Not ready to pass up on that so cute ruffled viscose top from J.Crew? Curious where it’s made? Email or tweet at the brand! “Consumers think their voices don’t matter, but they do,” says Jessica Radparvar, the founder of the social impact communications consultancy Reconsidered. “Tweets, emails, questions asked in retail stores — if frequent enough, these communications get laddered up. I know many Corporate Social Responsibility teams that then use these anecdotes as ‘proof points’ to show that consumers are demanding transparency,” she says. “That can in turn help them get buy-in, approvals, and funding for projects they want to push forward.”
Again, that only works if the brand has a team like that instated. If they don’t answer, and you can’t find any information anywhere about attempts to go sustainable or ethical, you might want to cross them off your shopping list.
Capsule your wardrobe.
The best thing you can do is just buy less stuff. And you can buy less stuff if you buy things that are timeless and high-quality enough to last a long time.
How you launder it, how you dispose of it, even where it’s shipped from — all these factors are a sliver of the total impact of a typical garment. But most of the impact comes from the very fact that it was produced. The longer you use a garment, and the more times you wear it, the lower the impact. This doesn’t necessarily mean you have to go out and buy exclusively locally-made, organic fashion that costs well in the hundreds of dollars. Whatever it is, if you think you will wear it 30 times or more, that’s definitely a sustainable choice.
One popular notion in the conscious fashion world is the idea of a capsule wardrobe: an extremely edited collection of versatile pieces that can be endlessly mixed and matched, so that you get maximum use out of minimal possessions. If you want some guidance in this area, try the app Cladwell, which helps you discern your style, whittle down your wardrobe, donate or sell what you don’t love anymore, and come up with interesting new combinations.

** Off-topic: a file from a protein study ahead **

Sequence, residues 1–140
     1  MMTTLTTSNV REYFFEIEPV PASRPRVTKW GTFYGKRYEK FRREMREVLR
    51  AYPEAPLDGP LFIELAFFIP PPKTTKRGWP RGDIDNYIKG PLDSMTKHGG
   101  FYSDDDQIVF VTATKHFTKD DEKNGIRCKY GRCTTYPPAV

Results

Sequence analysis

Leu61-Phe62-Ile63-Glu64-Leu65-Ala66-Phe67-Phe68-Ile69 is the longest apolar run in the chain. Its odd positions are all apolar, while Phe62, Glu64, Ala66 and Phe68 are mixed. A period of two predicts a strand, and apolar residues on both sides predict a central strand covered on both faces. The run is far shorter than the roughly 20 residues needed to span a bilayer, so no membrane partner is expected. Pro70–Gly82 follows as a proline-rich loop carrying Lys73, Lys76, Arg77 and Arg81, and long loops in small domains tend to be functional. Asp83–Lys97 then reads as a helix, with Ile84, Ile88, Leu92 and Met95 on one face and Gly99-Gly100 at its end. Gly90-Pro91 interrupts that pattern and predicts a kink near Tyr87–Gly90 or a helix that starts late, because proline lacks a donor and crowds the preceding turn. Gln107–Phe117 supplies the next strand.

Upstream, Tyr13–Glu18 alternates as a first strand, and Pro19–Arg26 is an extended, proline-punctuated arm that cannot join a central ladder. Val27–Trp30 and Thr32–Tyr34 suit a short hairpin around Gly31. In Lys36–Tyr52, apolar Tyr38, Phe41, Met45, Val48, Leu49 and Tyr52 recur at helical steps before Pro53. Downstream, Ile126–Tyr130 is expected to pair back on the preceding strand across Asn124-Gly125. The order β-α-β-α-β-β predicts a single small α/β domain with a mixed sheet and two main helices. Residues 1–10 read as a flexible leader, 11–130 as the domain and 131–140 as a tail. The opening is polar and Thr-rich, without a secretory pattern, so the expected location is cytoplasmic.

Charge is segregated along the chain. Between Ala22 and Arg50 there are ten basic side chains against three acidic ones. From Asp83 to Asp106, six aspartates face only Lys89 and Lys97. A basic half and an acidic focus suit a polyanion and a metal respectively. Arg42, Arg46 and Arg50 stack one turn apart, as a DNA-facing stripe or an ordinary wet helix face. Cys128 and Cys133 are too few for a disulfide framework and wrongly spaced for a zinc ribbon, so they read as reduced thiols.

The goal is to stop getting tossed about on the expensive seas of new trends, and confidently stand in your own personal style, with a closet full of (and only of) pieces that make you feel like your best self. If you love your closet and can easily put together a great outfit, you’ll never say, “I have nothing to wear!” and run out to buy something last minute to make you feel beautiful again, nor will you be tempted by whatever fun cheap thing is in the window at Forever 21, because you already have everything you need, thank you!
If you’re keen to try out a new trend, have a special event coming up, or you’re just bored with your closet but on a budget, renting lets you feel fabulous while using fewer resources. You can try Style Lend, which lets you rent luxury fashion from real women’s closets; Le Tote, which sends you a box of everyday items to try; or the OG of renting, Rent the Runway.
Donate to NGOs and watchdogs.
Don’t stop at conscious consumption! Direct your dollars to organizations that are trying to create systemic change. You can help send a Bangladeshi garment worker to college, fund Canopy’s efforts to save the rainforest from destruction by rayon-viscose pulping mills, donate to Greenpeace or Natural Resources Defense Council, which respectively combat toxic garment factory effluent and increase the energy efficiency of factories, or become a supporter of Project JUST and their deep research on the sustainability and ethicality of large brands.